Elle Waters, who will mix things up at the 2012 John Slatin AccessU.

Elle Waters has put something new on the menu for AccessU: One part accessibility and one part video games, mixed together and served with a side of costumes for refreshing treat, available for a limited time only. Get a taste with the following 30-Second Interview, the second in our series featuring the presenters of the 2012 John Slatin AccessU!


Who are you?

My name is Elle Waters, and I work at a Fortune 500 health insurance company called Humana. I’m a web accessibility specialist. That’s my day job, but I’m also a huge advocate for grassroots accessibility awareness and education and part of the accessibility unconference movement – I think you can call us a movement. It’s gotten pretty big and is in several cities now.

What will you be doing at AccessU?

We have a 3.5 hour workshop targeted toward accessibility professionals in big business or government – places not specifically about the biz of accessibility. Wendy Chisholm (@wendyabc/www.sp1ral.org)  from Microsoft will be helping present somehow, possibly through Skype – she was the catalyst for this workshop. Our goal is to help people craft their accessibility message so that they can move it within the company for a better understanding of accessibility and then better adoption and better funding. We are going to start with a talk about video games…and we may show up in costume. This isn’t going to be a dry presentation.

Costume? That’s awesome. So tell me, why do you care about accessibility anyway?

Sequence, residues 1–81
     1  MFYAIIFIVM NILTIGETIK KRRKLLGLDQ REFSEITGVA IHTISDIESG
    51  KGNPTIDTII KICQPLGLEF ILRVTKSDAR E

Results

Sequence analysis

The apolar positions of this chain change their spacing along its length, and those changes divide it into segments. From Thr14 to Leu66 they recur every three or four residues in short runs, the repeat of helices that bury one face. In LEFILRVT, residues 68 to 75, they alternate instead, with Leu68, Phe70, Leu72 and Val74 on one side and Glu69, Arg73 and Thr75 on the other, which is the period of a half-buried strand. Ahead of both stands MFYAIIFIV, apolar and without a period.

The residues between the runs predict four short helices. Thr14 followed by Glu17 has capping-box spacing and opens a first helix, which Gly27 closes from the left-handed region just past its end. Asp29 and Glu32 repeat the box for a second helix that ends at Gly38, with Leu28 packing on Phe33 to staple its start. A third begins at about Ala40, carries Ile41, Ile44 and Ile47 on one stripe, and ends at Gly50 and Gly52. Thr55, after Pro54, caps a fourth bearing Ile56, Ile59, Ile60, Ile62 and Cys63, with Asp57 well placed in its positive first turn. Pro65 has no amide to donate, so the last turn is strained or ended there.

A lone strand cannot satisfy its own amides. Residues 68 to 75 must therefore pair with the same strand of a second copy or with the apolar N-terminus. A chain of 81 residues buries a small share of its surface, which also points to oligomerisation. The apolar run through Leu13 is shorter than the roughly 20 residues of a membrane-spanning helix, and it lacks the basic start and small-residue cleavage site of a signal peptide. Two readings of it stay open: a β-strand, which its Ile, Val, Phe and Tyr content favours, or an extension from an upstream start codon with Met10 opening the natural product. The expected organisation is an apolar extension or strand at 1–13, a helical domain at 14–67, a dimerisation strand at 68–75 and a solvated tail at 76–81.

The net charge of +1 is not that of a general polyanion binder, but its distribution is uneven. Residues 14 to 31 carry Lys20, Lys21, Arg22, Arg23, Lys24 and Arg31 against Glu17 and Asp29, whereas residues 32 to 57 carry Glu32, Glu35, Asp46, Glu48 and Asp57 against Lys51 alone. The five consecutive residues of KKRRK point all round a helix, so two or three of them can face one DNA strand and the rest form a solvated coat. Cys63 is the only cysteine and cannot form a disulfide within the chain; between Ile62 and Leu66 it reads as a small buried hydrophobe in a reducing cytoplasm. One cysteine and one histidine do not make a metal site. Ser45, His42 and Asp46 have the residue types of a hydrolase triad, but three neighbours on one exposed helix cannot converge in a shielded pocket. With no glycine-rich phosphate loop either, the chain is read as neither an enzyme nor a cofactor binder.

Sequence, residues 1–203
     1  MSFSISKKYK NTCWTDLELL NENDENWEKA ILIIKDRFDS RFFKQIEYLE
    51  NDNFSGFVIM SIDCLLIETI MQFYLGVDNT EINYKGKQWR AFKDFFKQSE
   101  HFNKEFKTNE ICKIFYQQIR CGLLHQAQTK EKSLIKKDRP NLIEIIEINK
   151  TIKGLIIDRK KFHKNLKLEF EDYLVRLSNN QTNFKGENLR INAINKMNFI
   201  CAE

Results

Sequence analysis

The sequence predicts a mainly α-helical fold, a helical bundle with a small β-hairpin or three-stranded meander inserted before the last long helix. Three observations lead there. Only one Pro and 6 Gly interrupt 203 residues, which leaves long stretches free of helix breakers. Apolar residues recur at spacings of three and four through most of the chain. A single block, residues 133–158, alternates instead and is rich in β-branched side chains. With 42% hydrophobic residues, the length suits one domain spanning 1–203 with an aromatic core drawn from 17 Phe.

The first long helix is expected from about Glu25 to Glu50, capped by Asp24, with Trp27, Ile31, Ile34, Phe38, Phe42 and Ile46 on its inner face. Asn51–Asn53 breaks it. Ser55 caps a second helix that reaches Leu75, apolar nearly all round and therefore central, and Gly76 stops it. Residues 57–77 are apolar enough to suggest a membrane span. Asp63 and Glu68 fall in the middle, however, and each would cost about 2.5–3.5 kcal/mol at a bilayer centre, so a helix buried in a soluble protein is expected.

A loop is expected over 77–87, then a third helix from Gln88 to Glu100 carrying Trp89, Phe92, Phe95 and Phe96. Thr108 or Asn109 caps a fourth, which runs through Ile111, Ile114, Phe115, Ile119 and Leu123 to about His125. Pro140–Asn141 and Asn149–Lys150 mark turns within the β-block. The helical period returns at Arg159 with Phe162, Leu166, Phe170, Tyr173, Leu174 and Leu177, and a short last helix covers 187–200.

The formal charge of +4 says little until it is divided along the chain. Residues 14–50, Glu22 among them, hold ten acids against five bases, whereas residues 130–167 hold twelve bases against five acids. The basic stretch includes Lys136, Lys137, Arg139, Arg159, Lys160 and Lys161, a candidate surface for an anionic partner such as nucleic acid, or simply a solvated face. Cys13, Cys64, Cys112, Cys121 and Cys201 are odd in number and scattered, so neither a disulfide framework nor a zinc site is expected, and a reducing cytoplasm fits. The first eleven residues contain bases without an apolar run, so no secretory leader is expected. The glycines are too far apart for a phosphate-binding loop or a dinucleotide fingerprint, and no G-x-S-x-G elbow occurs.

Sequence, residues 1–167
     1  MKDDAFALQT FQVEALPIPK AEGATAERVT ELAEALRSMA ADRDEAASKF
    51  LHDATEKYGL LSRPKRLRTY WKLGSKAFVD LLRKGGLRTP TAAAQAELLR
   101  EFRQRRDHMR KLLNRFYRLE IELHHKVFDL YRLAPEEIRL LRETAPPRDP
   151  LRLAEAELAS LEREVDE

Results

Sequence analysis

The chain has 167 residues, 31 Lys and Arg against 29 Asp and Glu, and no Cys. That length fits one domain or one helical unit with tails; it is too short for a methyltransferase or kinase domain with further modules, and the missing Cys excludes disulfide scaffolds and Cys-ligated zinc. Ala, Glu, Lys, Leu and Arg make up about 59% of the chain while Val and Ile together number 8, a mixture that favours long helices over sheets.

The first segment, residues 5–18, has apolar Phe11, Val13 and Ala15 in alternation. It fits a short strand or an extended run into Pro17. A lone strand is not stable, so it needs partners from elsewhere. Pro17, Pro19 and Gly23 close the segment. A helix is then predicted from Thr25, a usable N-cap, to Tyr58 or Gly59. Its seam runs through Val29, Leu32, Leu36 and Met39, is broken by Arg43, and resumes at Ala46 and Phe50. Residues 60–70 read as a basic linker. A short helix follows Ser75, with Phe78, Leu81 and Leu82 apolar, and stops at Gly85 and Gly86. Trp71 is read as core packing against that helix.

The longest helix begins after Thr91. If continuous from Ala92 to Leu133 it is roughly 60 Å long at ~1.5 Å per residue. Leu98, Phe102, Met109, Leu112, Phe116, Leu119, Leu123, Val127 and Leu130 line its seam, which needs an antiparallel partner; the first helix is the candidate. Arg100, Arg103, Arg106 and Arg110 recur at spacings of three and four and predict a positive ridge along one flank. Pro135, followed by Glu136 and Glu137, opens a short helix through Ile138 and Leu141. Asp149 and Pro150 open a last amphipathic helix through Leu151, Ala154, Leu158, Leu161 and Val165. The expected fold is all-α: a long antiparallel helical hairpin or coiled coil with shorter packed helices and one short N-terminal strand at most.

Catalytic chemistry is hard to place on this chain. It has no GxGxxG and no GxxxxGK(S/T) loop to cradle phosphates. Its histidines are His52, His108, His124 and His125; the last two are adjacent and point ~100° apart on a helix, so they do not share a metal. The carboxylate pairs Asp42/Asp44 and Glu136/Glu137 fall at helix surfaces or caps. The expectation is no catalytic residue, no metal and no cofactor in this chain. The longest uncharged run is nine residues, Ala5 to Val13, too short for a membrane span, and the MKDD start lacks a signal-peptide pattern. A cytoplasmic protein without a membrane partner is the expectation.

I care because I believe very much in equality on the web. It’s what I’ve been doing ever since I got involved on the web. I first got interested in virtual worlds; I loved how it provided a way for people in far-flung parts of the world to connect and break down barriers. I want to reduce barriers and make things accessible in the truest sense. I believe in freedom of the web, and I believe this is a civil rights issue.

What’s the most interesting thing you’ve learned recently?

What I’m really interested in lately is the research side of things. I’ve started getting more involved in understanding people with cognitive disabilities and how we can cater toward their needs. By lately, I mean just this week. I’ve also been reading about people with vestibular disorders, which I’d never thought about before, and I’m really excited to learn about it. I’m plumbing the depths of the not-so-apparent disability groups and figuring out what their needs are.

What would you tell people who don’t think accessibility should be a priority?

There’s a two-punch way of being able to talk to people. They either deal with it now or deal with it later. They either take a proactive approach and get to be a leader in the field, to be a herald of standards, and to take pride and ownership over the quality of their site. Or they can do it later. But then I tell them that the movement is already here, and a demand for equal access has already been established. Corporations can either be ahead of that wave, or swept away by it, which usually involves litigation or compliance issues. If you’re not thinking ahead, you’re going to be left behind your competitors.

 I spend a lot of time talking to leaders in the corporate world, so this my “stump speech.” For other people, I talk more about the civil rights of accessibility and inclusion, but the corporate world isn’t as interested in that.

Any last words?

Yes! I encourage people to go to AccessU because there are more interesting speakers, and I don’t mean myself, this year than any of the other years that I’ve seen, and I expect it to challenge people and excite them and really turn over what they think about learning conferences….like having costumes.


For a full serving of Elle’s presentation, join us at AccessU on May 15 at 2:00pm. And learn more about Elle on her website www.ellewaters.com, or follow her on Twitter (@nethermind).